A top NCAA medical adviser gave grim guidance Thursday to the nation’s college sports leaders: it’s time to consider scrapping the fall season.
“I feel like the Titanic,” said Dr. Carlos del Rio, the executive associate dean of the Emory School of Medicine and a member of an NCAA coronavirus advisory committee.
“We have hit the iceberg, and we’re trying to make decisions of what time should we have the band play,” del Rio said during a call with infectious disease experts and the NCAA’s top medical officer. “We need to focus on what’s important. What’s important right now is that we need to control this virus. And not having fall sports this year and controlling this virus, to me, would be the No. 1 priority.”
Medical advisers for the Pac-12 Conference and the Big Ten called this week for competitions to be nixed this fall as new information is emerging on potential serious cardiac side effects of the virus, which continues to spread rapidly in many regions. The doctors also cited concerns about athletes traveling on commercial aircraft and the nation’s still-limited capacity for frequent, rapid-turnaround testing.
But the Southeastern Conference, Atlantic Coast Conference and Big 12 — with footholds in virus-racked Southern states — are pressing ahead with plans to kick off in late September.
Big 12 Commissioner Bob Bowlsby said “opinions vary regarding the best path forward” and that the conference is comfortable with its schools’ ability to provide structured training, rigorous testing and hospital-quality sanitation.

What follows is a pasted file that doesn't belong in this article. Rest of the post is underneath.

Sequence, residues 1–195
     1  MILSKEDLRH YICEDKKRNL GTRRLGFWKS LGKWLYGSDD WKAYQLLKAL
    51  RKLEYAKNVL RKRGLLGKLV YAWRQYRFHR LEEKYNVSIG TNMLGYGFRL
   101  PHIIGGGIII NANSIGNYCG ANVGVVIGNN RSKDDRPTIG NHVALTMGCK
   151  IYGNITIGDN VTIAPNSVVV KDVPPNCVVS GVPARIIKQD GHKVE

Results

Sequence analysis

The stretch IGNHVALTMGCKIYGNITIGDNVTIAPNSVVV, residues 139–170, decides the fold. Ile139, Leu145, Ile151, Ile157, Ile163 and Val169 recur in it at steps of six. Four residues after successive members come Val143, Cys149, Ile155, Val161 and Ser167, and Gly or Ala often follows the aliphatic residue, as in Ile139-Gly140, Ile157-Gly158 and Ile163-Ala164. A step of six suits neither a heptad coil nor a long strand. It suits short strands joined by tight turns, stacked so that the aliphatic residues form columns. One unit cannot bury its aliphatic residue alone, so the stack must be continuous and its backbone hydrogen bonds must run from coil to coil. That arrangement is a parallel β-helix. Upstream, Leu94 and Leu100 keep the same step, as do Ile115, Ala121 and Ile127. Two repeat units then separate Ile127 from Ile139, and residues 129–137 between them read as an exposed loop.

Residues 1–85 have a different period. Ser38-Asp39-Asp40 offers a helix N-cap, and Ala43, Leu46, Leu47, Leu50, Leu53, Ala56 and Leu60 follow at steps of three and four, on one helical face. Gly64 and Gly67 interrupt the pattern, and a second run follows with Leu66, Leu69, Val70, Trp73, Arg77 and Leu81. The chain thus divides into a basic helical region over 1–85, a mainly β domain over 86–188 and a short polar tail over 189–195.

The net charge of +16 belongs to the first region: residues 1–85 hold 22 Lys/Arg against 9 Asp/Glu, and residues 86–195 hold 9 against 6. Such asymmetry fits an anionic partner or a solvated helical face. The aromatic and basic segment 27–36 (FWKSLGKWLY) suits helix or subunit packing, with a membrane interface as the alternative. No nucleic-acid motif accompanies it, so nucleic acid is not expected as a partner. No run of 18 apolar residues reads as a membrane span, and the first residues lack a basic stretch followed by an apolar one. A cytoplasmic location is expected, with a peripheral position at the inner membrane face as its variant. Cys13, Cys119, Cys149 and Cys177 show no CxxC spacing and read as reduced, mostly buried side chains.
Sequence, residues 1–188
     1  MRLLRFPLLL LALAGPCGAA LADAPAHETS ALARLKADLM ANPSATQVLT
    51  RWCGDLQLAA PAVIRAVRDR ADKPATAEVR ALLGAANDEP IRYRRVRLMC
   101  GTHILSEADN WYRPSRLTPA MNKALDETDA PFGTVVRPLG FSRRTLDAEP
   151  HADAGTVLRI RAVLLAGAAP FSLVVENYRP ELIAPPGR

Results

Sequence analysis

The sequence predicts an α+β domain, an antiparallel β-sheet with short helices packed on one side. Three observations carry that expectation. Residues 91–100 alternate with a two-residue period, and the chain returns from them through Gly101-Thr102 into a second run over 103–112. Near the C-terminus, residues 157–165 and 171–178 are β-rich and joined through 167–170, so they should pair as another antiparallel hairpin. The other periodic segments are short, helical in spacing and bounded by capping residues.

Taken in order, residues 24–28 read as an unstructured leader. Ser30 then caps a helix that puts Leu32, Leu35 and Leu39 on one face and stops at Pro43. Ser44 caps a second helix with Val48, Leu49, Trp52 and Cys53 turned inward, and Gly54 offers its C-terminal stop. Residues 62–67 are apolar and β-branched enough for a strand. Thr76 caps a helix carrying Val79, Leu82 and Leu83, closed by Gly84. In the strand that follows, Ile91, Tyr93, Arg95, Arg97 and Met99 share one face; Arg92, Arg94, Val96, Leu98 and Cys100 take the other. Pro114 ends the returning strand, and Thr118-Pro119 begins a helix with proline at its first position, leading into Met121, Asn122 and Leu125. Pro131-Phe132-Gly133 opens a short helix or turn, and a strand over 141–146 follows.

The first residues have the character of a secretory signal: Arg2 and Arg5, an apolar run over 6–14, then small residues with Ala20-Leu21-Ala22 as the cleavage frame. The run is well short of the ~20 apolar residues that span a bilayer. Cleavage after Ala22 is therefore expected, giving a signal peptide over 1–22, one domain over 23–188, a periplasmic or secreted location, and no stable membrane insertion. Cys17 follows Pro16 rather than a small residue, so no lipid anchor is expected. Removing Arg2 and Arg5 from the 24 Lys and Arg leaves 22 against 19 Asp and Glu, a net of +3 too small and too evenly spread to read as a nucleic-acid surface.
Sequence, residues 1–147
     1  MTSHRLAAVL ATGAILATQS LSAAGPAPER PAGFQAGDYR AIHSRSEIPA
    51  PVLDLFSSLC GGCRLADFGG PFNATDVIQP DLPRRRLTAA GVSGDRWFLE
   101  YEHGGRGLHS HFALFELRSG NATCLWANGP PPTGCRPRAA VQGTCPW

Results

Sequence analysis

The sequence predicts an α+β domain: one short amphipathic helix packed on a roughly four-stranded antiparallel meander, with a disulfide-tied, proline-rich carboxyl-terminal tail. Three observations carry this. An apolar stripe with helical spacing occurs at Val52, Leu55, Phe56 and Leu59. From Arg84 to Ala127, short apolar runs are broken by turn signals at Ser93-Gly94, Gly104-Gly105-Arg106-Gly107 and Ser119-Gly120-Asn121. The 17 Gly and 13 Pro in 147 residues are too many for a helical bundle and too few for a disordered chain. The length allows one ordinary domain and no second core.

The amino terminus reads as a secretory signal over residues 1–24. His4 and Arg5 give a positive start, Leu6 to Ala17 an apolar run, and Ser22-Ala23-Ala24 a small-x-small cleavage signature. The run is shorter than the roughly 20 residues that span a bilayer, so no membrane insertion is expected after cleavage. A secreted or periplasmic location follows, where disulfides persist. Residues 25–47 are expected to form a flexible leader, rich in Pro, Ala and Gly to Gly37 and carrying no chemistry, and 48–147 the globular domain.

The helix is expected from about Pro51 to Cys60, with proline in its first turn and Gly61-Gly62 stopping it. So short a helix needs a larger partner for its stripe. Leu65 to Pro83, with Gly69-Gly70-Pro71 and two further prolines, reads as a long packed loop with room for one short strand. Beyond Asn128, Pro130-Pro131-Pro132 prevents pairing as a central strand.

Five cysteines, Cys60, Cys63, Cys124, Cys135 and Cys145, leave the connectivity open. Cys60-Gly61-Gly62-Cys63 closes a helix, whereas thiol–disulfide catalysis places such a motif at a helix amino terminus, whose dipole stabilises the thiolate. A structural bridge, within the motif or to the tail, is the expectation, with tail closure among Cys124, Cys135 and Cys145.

“There are a number of ways to approach complicated issues, and one of them is to sort of dip your toe in and see what happens. I think that’s what we’re seeing a little bit from the conferences that are continuing to try to play,” said Dr. Colleen Kraft of Emory University on Thursday. “But I do predict, because we’ve already been seeing it in those that have been very diligent, that there will be transmission and they will have to stop their games.”
For colleges to reopen, del Rio suggested communities should record fewer than 10 new coronavirus cases per 100,000 people, ideally with a positive testing rate under 5 percent and no greater than 10 percent.
“We simply are not there now,” del Rio said, noting that Georgia has recorded roughly 30 cases per 100,000 people and about a 15 percent positive rate for those tested. “We should really think about sports not as: ‘How do we get it done?’ But we need to focus our efforts on how do we get the pandemic under control.”
Under rules the NCAA’s board dictated last week, athletes must be allowed to opt out of playing if they are worried about getting sick and can keep their scholarships if they have one. The NCAA is also barring member schools from forcing athletes to waive their legal rights if they want to play.
Each NCAA division must also set out rules requiring schools to cover an athlete’s medical costs if the individual catches coronavirus and the infection is linked to sports participation. Member schools have to follow protocol the organization set out in mid-July as infections soared across the country.
“We’re moving into very troubled waters right now,” said Dr. Brian Hainline, the NCAA’s chief medical officer. “It’s a very narrow path to get fall sports right.”
The question is not just whether games themselves are safe, said Tara Kirk Sell, an Olympic medalist and a senior scholar at the Johns Hopkins Center for Health Security. It’s whether staging contests create an environment where people feel encouraged to congregate in a way that feeds outbreaks.
“It’s also public transportation, buses, trains, carpools,” Sell told POLITICO. “These are things that are really risky. And then you have people celebrating the games at a house party or a crowded bar, and we’re seeing a lot of young people getting infected at these social events.”